“Mainers across the state are hurting. The number of unemployment claims are record-breaking and each claim represents a person facing a dire financial situation. To ensure Maine people receive the benefits they’re entitled to during this public health crisis, we are convening a meeting of the Labor and Housing committee. Last week we joined with members of Republican leadership, Senator Dow and Representative Dilligham, to request Commissioner Fortman’s presence to discuss any challenges the Department may be facing, including, but not limited to the complexity of implementing novel federal programs, limited staff resources, and information technology infrastructure. We strongly believe that Maine people will be better served if we work together to resolve these issues as the Department of Labor is tasked with a historical challenge.”
Senator Shenna Bellows, D-Manchester, Senate Chair of the Legislature’s Labor and Housing Committee released the following statement:
“We all deeply appreciate the remarkable efforts of the Department of Labor to deliver over $200 million in unemployment benefits to more than 70,000 Mainers. The team of just thirteen workers at the Maine Department of Labor handling this has gone above and beyond to deliver. At the same time, thousands of Mainers have experienced serious problems with the system, and we're acutely aware that it's going to get worse before it gets better. We need to make sure the Department of Labor hears what's happening with our constituents, and we need to work collaboratively with them to fix these problems as soon as humanly possible."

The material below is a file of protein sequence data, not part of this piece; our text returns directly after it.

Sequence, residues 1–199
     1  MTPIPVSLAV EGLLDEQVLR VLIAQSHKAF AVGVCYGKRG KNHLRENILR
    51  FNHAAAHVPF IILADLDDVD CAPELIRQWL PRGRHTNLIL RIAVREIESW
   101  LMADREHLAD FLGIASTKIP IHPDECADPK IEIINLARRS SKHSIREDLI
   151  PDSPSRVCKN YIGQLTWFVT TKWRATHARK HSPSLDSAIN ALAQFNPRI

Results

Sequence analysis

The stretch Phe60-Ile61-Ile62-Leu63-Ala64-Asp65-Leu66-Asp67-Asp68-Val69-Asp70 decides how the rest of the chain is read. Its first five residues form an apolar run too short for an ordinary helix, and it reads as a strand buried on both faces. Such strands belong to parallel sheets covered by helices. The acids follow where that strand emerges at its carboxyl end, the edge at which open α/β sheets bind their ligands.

Rep. Mike Sylvester, D-Portland, House Chair of the Legislature’s Labor and Housing Committee released the following statement:
“The process of ensuring Mainers have the benefits that they need, and are entitled to, most certainly has been difficult in the midst of COVID-19. Our committee looks forward to working with the Department of Labor to ensure they have everything they need moving forward to keep unemployed workers from drowning in debt.”
The Coronavirus Aid, Relief, and Economic Security Act
Rep. Justin Chenette